Abstract: Let G=(V,E) be an undirected weighted graph with |V|=n and |E|=m. Let k\ge 1 be an integer. We show that G=(V,E) can be preprocessed in O(kmn^{1/k}) expected time, constructing a data structure of size O(kn^{1+1/k}), such that any subsequent distance query can be answered, approximately, in O(k) time. The approximate distance returned is of stretch at most 2k-1, i.e., the quotient obtained by dividing the estimated distance by the actual distance lies between 1 and 2k-1. We show that a 1963 girth conjecture of Erd{\H{o}}s, implies that ω(n^{1+1/k}) space is needed in the worst case for any real stretch strictly smaller than 2k+1. The space requirement of our algorithm is, therefore, essentially optimal. The most impressive feature of our data structure is its constant query time, hence the name oracle. Previously, data structures that used only O(n^{1+1/k}) space had a query time of ω(n^{1/k}) and a slightly larger, non-optimal, stretch. Our algorithms are extremely simple and easy to implement efficiently. They also provide faster constructions of sparse spanners of weighted graphs, and improved tree covers and distance labelings of weighted or unweighted graphs.}

563 citations

Book ChapterDOI
11 Jul 2005
TL;DR: The first deterministic linear time algorithm for constructing optimal spanners of weighted graphs is obtained by derandomizing the O(km) expected time algorithm of Baswana and Sen for constructing (2k–1)-spanners of size O(kn) of weighted undirected graphs without incurring any asymptotic loss in the running time or in the size of the spanners produced.
Abstract: Thorup and Zwick showed that for any integer k≥ 1, it is possible to preprocess any positively weighted undirected graph G=(V,E), with |E|=m and |V|=n, in O(kmn$^{\rm 1/{\it k}}$) expected time and construct a data structure (a (2k–1)-approximate distance oracle) of size O(kn$^{\rm 1+1/{\it k}}$) capable of returning in O(k) time an approximation $\hat{\delta}(u,v)$ of the distance δ(u,v) from u to v in G that satisfies $\delta(u,v) \leq \hat{\delta}(u,v) \leq (2k -1)\cdot \delta(u,v)$, for any two vertices u,v∈ V. They also presented a much slower O(kmn) time deterministic algorithm for constructing approximate distance oracle with the slightly larger size of O(kn$^{\rm 1+1/{\it k}}$log n). We present here a deterministic O(kmn$^{\rm 1/{\it k}}$) time algorithm for constructing oracles of size O(kn$^{\rm 1+1/{\it k}}$). Our deterministic algorithm is slower than the randomized one by only a logarithmic factor. Using our derandomization technique we also obtain the first deterministic linear time algorithm for constructing optimal spanners of weighted graphs. We do that by derandomizing the O(km) expected time algorithm of Baswana and Sen (ICALP’03) for constructing (2k–1)-spanners of size O(kn$^{\rm 1+1/{\it k}}$) of weighted undirected graphs without incurring any asymptotic loss in the running time or in the size of the spanners produced.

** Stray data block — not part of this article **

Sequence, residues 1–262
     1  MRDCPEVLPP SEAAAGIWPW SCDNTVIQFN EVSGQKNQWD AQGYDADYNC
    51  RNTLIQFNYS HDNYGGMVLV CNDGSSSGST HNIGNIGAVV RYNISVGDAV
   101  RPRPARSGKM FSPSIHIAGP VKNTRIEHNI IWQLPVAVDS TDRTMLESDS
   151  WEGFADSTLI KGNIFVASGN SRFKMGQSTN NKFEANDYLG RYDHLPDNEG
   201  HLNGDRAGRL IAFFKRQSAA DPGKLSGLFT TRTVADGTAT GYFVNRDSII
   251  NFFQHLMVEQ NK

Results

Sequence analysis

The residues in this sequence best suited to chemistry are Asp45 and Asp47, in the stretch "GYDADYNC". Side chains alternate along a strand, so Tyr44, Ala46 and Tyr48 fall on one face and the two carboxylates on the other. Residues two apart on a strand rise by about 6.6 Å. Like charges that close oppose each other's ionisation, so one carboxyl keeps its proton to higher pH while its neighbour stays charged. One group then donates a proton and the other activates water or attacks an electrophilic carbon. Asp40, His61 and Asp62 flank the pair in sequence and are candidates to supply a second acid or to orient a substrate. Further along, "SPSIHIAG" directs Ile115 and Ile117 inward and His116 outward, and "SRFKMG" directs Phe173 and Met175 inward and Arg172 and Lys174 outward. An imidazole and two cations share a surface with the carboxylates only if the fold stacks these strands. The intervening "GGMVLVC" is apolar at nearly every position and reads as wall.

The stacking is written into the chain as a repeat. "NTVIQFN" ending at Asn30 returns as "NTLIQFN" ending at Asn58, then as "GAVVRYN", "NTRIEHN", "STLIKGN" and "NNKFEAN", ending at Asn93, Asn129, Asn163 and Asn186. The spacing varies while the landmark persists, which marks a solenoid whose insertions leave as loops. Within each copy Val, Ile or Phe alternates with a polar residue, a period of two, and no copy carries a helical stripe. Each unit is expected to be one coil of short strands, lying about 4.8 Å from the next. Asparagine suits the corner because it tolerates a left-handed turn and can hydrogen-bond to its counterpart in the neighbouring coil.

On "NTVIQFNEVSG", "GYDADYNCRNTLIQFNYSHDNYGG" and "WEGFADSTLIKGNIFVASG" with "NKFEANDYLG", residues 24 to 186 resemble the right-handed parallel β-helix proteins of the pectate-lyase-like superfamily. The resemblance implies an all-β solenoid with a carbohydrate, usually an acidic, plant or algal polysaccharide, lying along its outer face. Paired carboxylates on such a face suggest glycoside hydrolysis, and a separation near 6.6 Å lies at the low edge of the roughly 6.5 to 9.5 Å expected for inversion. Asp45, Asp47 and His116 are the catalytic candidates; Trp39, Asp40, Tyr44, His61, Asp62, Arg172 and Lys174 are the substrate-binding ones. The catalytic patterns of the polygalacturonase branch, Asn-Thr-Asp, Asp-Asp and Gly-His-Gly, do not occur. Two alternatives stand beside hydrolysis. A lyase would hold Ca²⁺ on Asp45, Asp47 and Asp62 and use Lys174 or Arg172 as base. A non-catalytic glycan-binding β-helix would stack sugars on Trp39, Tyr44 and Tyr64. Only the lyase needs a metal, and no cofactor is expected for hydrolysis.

202 citations


Cites methods from "A simple linear time algorithm for ..."

  • ...Due to lack of space we cannot describe here the deterministic version of the linear time spanner construction algorithm of Baswana and Sen [ 5 ]....

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  • ...The techniques we use to obtain the new deterministic algorithm can also be used to derandomize the expected linear time algorithm of Baswana and Sen [ 5 ] for constructing (2k − 1)-spanners of size O(kn 1+1/k ), retaining the linear running time and the O(kn 1+1/k ) size of the spanners....

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Journal ArticleDOI